Since the 1960s, public health authorities have advised people to avoid saturated or animal fats like butter or lard in favour of unsaturated vegetable oils for cholesterol-lowering benefits. This week, researchers offered a fresh analysis of data from the Sydney Diet Heart Study, which studied 458 Australian men aged 30 to 59 with a history of cardiovascular disease for more than three years.
"The group that was randomized to omega-6 from safflower oil, they had increased risk of death from all causes as well as death due to coronary heart disease and death due to cardiovascular disease and this was despite significant cholesterol lowering," said study author Dr. Christopher Ramsden, a clinical investigator with the U.S. National Institutes of Health in Washington.
Half the participants were told to consume linoleic acid — an unsaturated omega-6 fatty acid — in the form of safflower oil and safflower oil polyunsaturated margarine.
Ramsden speculated that having more omega-6 in the diet could promote oxidation and inflammation in the arteries.
The findings add to the evidence of how polyunsaturated vegetable oils aren't all the same, said nutrition professor Richard Bazinet, who studies fatty acids at the University of Toronto.
"People just ran with the ball that polyunsaturates are good for you, so therefore each individual one must be good for you. That turns out not to be true," Bazinet said.
Health Canada has given the nod to the vegetable oil industry to allow companies to put new health messages on their labels saying that replacing saturated fats with unsaturated fats including omega-6 vegetable oils help lower cholesterol.
Bazinet said this week's study in the British Medical Journal suggesting that omega-6s may borderline increase heart attack risk should be enough to trigger a re-evaluation of Health Canada's approval of the claims.
"There's absolutely no evidence to suggest that we should increase more of it, when we have the American Heart Association and a potential health claim in Canada saying yes, this is something we should consume more of, it’s absolutely backwards with the evidence," he said.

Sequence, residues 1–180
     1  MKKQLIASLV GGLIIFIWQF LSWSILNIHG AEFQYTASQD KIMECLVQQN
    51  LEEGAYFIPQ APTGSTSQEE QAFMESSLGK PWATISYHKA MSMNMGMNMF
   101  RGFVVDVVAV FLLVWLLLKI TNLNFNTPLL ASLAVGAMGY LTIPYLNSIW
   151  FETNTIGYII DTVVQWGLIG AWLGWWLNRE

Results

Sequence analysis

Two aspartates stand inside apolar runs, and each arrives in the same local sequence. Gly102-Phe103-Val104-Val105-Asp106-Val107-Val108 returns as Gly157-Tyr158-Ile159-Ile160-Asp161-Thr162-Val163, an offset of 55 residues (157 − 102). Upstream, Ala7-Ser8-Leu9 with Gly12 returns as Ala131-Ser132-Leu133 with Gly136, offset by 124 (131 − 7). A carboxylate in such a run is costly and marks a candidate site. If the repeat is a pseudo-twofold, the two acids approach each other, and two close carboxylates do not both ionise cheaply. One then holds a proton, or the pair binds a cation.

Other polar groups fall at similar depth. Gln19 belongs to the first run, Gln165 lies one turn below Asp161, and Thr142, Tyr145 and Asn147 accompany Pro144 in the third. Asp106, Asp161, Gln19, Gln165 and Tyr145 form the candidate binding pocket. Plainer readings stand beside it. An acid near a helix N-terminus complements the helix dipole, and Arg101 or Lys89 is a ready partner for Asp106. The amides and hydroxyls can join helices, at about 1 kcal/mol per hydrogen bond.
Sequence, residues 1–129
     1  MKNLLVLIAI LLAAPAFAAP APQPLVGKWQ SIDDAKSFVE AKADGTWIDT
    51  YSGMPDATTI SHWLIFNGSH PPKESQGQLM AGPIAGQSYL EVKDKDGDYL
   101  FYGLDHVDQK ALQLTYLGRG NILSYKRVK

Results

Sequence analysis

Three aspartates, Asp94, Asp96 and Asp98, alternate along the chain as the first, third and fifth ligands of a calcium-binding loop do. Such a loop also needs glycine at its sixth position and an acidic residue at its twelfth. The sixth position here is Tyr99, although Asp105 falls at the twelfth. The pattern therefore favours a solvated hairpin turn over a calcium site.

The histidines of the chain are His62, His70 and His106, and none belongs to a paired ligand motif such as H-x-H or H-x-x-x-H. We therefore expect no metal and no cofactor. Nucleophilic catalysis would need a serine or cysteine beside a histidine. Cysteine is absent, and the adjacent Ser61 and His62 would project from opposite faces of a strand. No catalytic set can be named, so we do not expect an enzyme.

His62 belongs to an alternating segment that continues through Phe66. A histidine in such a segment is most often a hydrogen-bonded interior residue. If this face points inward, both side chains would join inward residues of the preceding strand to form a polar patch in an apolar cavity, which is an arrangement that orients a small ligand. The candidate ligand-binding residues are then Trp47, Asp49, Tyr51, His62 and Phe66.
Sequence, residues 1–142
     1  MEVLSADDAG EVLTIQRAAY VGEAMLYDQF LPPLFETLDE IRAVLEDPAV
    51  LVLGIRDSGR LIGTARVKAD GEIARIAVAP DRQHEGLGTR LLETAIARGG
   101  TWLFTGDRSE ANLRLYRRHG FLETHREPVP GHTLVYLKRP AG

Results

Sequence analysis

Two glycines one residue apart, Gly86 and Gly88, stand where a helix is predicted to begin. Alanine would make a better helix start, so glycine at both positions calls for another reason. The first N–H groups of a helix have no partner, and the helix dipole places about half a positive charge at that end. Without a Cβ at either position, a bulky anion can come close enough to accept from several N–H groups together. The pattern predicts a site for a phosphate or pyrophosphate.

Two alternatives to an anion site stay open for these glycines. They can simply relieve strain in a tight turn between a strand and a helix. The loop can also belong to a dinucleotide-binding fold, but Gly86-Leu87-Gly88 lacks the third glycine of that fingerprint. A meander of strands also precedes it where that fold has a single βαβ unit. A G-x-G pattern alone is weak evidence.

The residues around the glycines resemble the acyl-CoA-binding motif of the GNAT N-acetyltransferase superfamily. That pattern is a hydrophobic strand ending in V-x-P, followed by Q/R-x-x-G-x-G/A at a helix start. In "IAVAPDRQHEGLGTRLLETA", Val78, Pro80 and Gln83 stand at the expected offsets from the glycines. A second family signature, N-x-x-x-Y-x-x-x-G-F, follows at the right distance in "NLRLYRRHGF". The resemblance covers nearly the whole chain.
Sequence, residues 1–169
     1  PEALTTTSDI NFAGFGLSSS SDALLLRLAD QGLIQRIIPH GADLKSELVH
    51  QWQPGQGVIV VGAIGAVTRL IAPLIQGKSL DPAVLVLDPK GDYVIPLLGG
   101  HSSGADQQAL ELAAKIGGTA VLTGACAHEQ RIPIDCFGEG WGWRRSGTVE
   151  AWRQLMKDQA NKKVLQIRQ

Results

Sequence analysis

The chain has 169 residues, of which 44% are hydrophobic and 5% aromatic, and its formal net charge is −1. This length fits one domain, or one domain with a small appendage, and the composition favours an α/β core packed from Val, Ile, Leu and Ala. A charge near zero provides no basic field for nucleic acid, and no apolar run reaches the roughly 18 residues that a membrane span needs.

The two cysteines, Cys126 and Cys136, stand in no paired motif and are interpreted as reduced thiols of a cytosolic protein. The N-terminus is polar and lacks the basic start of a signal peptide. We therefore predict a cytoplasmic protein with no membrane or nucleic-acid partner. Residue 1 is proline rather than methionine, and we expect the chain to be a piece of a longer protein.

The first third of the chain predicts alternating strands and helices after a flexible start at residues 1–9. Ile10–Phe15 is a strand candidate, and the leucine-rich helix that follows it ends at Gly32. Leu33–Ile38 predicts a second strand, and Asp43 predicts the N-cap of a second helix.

"They've got to re-evaluate that."
Health Canada turned down a request from CBC News to talk about the study, saying it will review the research.
Bazinet said policymakers should wait for better evidence before allowing claims.
The findings also challenge the American Heart Association's recommendation that people get more omega-6, which the group said it stands by. In contrast, in the U.K. and France, people are advised to lower intake of omega-6, said Dr. Artemis Simopoulos, president of the Centre for Genetics, Nutrition and Health in Washington.
The goal should be to consume a balanced amount of omega-6 and omega-3 fatty acids, she advised Canadians and Americans.
"We should lower the intake of omega-6 rich oils such as corn oil, sunflower, safflower, cottonseed oil, including soybean," Simopoulos said. "Increase the amount of omega-3 fatty acids in our diet, which can be obtained from oils that are rich in omega-3s such as flaxseed oil, canola oil."
Consumers shouldn't be left with the message from a health claim that omega-6 fatty acids lower the risk of heart disease, Simopoulos stressed in calling the approval of the health claim in Canada a mistake.
In the Australian study, men got about 15 per cent of their total calories from omega-6. In comparison, Canadians currently get about seven per cent of their intake from omega-6 fatty acids, Bazinet said.
Dr. Dariush Mozaffarian of Harvard University's School of Public Health in Boston studies dietary habits and cardiovascular disease. Mozaffarian criticized the 40-year-old Australian study, saying the margarine used to increase intake of omega-6s was also high in trans fat.
"Some of this effect, the harm, could be clearly due to the fact that in the 1970s when this trial was done, people didn't know about the harms of trans fats."
For consumers, the subtle and shifting messages can be confusing. Bazinet advises reading labels carefully, whether it be on oils, salad dressings or processed foods. Like Simopoulo, he said flax and canola are the safer options and people might want to stay away from the straight safflower, corn and sunflower oils that typically make up five per cent of purchases.
In response to the story on CBC-TV's The National, the Vegetable Oil Industry of Canada said Monday that it stands by the research submitted to Health Canada in support of its claim. The industry group pointed to literature it said shows that a one per cent drop in cholesterol reduces the risk of heart disease by about two per cent.Source: U.S. Centers for Disease Control and Prevention Suggest a correction